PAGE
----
At the age of thirteen she legally changed her name to Janis Ian, using as her new last name her brother Eric's middle name. Also in that year, Ian wrote and sang her first hit single, "Society's Child (Baby I've Been Thinking)", about an interracial romance forbidden by a girl's mother and frowned upon by her peers and teachers; the girl ultimately decides to end the relationship, claiming the social norms of the day have left her no other choice. Produced by George "Shadow" Morton and released three times between 1965 and 1967, "Society's Child" finally became a national hit on its third release, after Leonard Bernstein featured it in a television special: Inside Pop: The Rock Revolution . The song's content was taboo for some radio stations, and they withdrew or banned it from their playlists; in her 2008 autobiography Society's Child , Ian recalls receiving hate mail and death threats as a response to the song, and mentions that a radio station in Atlanta that played it was burned down. In the summer of 1967, "Society's Child" reached number fourteen on the Billboard Hot 100.

Her most successful single in the United States was "At Seventeen", released in 1975, a bittersweet commentary on adolescent cruelty, the illusion of popularity, and teenage angst, as reflected upon from the perspective of a twenty-four-year-old. It reached number three on the Billboard Hot 100 and number one on the Adult Contemporary chart. It won the 1975 Grammy Award for Best Pop Vocal Performance - Female. The song's album, Between the Lines , reached number one on Billboard's Album chart. It was quickly certified gold, and later earned a platinum certification for sales of over a million copies sold in the U.S.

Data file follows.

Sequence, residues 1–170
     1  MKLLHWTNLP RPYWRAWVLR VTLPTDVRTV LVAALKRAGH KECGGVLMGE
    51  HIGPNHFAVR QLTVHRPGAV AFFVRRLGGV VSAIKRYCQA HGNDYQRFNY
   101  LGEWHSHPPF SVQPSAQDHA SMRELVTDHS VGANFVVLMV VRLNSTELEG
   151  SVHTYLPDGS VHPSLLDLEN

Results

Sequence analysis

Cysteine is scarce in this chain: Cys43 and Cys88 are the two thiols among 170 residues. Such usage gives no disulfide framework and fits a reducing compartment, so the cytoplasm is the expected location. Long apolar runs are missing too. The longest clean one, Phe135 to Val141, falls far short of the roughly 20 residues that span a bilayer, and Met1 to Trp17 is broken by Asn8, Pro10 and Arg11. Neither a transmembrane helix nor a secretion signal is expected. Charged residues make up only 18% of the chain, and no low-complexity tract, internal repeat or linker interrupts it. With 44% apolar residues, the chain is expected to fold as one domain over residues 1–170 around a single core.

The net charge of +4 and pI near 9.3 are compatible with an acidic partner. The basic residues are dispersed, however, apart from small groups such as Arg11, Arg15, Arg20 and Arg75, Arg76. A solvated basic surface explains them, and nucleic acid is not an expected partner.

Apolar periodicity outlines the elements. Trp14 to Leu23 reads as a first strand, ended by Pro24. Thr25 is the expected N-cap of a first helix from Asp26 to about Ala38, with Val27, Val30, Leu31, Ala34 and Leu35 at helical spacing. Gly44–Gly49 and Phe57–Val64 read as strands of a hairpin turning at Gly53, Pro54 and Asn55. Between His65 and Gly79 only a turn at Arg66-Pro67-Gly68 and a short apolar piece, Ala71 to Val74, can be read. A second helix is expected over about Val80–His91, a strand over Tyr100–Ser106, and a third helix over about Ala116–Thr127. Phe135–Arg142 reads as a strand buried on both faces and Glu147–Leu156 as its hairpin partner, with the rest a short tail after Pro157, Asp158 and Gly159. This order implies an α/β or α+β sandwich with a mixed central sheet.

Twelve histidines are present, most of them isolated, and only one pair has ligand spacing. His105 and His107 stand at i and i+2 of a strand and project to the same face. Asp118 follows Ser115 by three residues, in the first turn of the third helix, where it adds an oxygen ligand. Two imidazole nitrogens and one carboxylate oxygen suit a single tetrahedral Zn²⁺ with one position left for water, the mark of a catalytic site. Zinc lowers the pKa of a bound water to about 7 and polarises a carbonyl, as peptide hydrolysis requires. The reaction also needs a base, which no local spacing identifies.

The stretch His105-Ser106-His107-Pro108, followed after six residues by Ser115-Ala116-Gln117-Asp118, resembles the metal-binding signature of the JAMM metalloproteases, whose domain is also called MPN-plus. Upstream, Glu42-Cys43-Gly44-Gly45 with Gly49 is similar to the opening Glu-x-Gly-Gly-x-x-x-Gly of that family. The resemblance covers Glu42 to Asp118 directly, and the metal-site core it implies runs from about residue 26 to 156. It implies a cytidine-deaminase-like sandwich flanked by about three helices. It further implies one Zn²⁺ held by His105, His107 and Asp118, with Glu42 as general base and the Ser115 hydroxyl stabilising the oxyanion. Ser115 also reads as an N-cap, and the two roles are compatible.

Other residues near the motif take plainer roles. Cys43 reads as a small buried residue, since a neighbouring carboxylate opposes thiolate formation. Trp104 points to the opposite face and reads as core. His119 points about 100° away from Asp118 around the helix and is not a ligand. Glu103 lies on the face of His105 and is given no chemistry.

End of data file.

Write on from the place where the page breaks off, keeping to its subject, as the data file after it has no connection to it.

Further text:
Ian finally became one of the first "indie artists", resurfacing in 1993, with the worldwide release of Breaking Silence and its title song about incest. She also came out as a lesbian with that release. Her most recent album, Hope, a collection of 12 pieces from the Janis Ian Archives was released in 2021.

Janis Ian first performed at Stony Brook University in 1968 and again in 1973. In March of 2002 she performed to a sold out house in the Recital Hall.

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Sean Lennon

As the son of John Lennon, perhaps the most beloved Beatle, and avant-garde musician Yoko Ono, Sean Lennon was a celebrity before he even began his recording career. That may be the reason why he didn't choose straight-ahead pop as his musical vocation, like his half-brother Julian did. Instead, he cleverly positioned himself between pop and experimental, taking his cue from such kaleidoscopic '90s multiculturists as the Beastie Boys, Beck, and Cibo Matto. To many ears, his 1998 debut album, Into the Sun, had unexpectedly eclectic roots and a laid-back vibe, earning him positive critical reviews and securing a modest place in the post-alternative hierarchy.